In early July, Brookfield Infrastructure Partners (NYSE:BIP) and Enbridge (NYSE:ENB) teamed up on a win-win deal for both companies. Brookfield Infrastructure is acquiring a business that will help plug a hole left after the company sold its electricity transmission business in Chile. Meanwhile, Enbridge will bring in some much-needed cash to reduce debt.

However, while both companies will benefit from this transaction, Brookfield stands to gain the most from the deal since it comes with a healthy dose of upside for the infrastructure networks operator. The acquired assets could provide the company with the fuel to grow its high-yielding dividend at an even faster rate in the future.

Drilling rig at sunset.

Image source: Getty Images.

Drilling down into the deal

When Brookfield Infrastructure announced that it would acquire Enbridge's Western Canadian natural gas gathering and processing business, the initial focus was on the current cash flow this business generates. The system, which includes 19 gas processing facilities and more than 2,200 miles of pipelines, produces steady cash flows "anchored by a firm contract profile with a weighted average life of 10 years," according to CEO Sam Pollock. Overall, those agreements support 85% of the revenue generated by this business, which gives the company a very predictable income stream to sustain its dividend.

In addition to that, Pollock wrote in the company's second-quarter letter to investors:

This business is an ideal platform to establish our midstream presence in Canada, as it is competitively positioned for growth given the highly economic and prolific acreage throughout the Montney region. We believe the region's massive scale and low breakeven costs will ensure that it continues to be a focal point for development by top tier producers with over 40 years of anticipated economic drilling inventory at current price levels. Production in the Montney is anticipated to grow by approximately 20%+ from 2017 to 2024 and we believe the catchment area of the business overlies more than 35,000 potential future wells, representing approximately 60% of the region's gas resources.

In other words, thanks to the strategic position of these assets, Pollock sees the potential for significant expansion of this system in the coming decades. Not only should the company be able to build more gathering pipelines to hook newly drilled wells to its processing plants, but it should also be able to construct additional facilities in the future after the current ones reach their capacity. On top of that, there's the potential to expand further downstream by building other midstream assets such as longer-haul pipelines and facilities that separate and store natural gas liquids.

Stacks of pipe covered in snow.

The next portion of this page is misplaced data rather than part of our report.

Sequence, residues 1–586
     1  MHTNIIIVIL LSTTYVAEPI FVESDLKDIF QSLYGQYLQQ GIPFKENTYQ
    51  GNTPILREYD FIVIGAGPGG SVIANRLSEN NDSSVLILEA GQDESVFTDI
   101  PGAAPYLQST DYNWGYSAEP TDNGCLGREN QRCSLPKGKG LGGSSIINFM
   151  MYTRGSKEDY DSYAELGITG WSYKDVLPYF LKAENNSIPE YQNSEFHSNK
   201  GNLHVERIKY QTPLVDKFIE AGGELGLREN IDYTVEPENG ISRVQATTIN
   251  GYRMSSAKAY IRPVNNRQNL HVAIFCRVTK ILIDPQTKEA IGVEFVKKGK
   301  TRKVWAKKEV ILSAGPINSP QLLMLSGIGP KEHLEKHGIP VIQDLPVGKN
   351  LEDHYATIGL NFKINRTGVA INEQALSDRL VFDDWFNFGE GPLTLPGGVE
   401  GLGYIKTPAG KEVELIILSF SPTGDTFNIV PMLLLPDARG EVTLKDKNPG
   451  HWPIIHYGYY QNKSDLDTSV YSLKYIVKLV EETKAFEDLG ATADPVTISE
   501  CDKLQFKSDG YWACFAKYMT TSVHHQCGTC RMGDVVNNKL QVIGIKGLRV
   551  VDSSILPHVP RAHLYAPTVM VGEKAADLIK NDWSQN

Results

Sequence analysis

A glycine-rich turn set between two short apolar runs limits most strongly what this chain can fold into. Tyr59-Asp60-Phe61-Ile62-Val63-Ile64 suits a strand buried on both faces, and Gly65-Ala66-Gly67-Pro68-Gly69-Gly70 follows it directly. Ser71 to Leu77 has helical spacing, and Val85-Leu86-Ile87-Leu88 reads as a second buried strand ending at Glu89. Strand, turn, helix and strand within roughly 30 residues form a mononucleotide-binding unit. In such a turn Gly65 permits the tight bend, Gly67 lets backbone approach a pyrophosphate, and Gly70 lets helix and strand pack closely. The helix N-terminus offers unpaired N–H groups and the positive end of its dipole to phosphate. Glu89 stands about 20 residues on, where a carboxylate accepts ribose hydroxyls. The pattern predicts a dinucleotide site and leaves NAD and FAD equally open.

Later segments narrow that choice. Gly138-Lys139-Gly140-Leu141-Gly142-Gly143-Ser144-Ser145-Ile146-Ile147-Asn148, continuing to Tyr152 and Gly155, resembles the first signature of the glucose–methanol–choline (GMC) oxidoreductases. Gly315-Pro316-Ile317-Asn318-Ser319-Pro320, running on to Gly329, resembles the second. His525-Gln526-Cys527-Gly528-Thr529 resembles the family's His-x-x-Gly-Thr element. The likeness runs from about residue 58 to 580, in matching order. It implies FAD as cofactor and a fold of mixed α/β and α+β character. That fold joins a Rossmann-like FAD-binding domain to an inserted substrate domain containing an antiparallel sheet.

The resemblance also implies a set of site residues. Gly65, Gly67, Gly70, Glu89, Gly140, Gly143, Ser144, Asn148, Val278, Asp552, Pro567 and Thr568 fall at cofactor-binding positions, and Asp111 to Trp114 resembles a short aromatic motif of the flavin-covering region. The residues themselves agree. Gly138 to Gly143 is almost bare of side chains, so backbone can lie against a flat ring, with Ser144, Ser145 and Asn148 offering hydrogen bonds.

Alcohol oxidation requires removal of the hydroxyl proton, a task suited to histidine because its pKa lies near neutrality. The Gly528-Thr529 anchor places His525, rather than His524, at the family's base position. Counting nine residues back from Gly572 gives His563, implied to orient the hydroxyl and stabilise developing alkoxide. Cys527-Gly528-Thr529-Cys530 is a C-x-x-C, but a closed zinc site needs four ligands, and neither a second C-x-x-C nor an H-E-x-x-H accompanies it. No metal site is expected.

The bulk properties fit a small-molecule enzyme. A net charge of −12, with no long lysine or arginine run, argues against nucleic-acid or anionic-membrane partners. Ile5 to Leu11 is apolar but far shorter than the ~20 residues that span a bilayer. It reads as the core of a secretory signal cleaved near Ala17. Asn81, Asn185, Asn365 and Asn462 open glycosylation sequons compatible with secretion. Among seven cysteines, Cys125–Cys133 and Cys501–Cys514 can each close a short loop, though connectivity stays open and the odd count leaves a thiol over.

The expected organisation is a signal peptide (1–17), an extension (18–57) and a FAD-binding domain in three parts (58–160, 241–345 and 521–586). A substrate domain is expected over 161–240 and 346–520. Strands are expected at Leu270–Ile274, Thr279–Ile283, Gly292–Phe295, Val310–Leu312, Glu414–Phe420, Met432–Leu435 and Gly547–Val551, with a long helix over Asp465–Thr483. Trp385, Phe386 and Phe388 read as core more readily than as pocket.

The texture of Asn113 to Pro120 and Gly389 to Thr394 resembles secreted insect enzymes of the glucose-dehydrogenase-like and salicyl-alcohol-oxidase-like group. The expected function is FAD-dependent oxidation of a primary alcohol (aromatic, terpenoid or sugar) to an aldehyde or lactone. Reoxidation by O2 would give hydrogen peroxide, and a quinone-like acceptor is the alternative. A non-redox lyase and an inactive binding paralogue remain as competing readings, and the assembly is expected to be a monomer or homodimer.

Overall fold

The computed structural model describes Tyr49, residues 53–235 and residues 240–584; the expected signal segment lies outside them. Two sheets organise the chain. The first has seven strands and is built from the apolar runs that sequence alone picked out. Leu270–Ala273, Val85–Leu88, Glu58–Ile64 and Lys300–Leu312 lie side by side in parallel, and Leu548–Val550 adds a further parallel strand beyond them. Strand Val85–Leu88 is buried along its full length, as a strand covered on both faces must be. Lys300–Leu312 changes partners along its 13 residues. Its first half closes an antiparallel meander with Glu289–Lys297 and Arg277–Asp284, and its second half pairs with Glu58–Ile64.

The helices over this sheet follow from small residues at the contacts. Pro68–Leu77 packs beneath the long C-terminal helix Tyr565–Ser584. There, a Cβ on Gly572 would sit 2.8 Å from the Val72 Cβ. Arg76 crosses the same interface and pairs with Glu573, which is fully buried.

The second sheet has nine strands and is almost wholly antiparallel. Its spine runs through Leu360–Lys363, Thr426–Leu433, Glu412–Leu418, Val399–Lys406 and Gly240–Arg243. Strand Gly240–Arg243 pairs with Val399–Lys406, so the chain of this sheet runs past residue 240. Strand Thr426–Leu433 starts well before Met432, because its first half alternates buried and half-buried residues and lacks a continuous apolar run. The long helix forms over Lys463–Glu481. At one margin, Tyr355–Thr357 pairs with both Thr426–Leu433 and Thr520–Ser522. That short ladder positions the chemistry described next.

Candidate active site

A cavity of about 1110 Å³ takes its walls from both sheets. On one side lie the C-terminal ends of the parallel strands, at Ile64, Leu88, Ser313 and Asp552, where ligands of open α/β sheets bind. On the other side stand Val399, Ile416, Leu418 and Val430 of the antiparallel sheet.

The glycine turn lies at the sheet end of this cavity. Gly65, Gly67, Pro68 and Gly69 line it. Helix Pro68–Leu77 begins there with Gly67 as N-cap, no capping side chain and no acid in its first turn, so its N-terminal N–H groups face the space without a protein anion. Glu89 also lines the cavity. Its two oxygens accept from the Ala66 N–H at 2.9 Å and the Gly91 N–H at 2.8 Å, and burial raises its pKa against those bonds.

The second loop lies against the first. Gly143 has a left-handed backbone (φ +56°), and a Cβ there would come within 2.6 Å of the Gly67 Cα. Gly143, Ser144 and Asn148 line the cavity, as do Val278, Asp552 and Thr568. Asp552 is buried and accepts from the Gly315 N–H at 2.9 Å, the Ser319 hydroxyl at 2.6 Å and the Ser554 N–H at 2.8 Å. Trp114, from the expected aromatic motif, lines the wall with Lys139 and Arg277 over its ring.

Image source: Getty Images.

Digging into the Montney shale

Canada's Montney Shale doesn't currently capture investors' attention like the Permian Basin. However, that doesn't mean it's a second-tier play. Quite the contrary since, like the Permian, it's a resource-rich region with as many as six drillable formations that produce highly economic liquids-rich natural gas. Because of those features, it has become an important growth driver for companies like Encana (NYSE:ECA).

While Encana expects to invest 50% of its capital into the Permian over the next five years, it plans to spend the second-largest percentage on the Montney. Those investments will fuel a 15% compound annual growth rate in its gas production, while higher-margin liquids output will expand at an even faster 35% compound annual rate.

Among the factors driving Encana's ability to develop the Montney are its partnerships with midstream companies Keyera (TSX:KEY) and Pembina Pipeline (NYSE:PBA), which are building assets to support its growth. Keyera, for example, signed a deal earlier in the year to acquire and fund the development of Encana's Pipestone Liquids Hub and the planned Pipestone Processing Facility. The companies signed an innovative fee-for-service agreement, which will increase Encana's flexibility. Meanwhile, Pembina Pipeline recently finished construction of three gas processing plants that will enable Encana to capture higher-value liquids from its production in the region.

Several other oil and gas companies are beginning to ramp up their investments in the Montney. U.S. oil giant ConocoPhillips (NYSE:COP), for example, spent $120 million earlier this year to lease another 35,000 acres in the region. That boosted ConocoPhillips' position up to 140,000 acres that it can develop in the future. As companies like ConocoPhillips drill more wells in the Montney, it should open the door for Brookfield to expand its system in the region, which should grow its cash flows.

A needle-mover both now and in the future

While Brookfield Infrastructure's deal with Enbridge will plug an immediate hole in its cash flow, this transaction is more than just about filling a gap. In fact, it has the potential to be an important growth driver in the years ahead as the company expands the system to capture the growing volumes of producers in the region. That upside from organic growth enhances the potential for Brookfield Infrastructure to increase its dividend at the high end of its 5% to 9% annual target range.

Matthew DiLallo owns shares of Brookfield Infrastructure Partners, ConocoPhillips, and Enbridge. The Motley Fool recommends Brookfield Infrastructure Partners and Enbridge. The Motley Fool has a disclosure policy.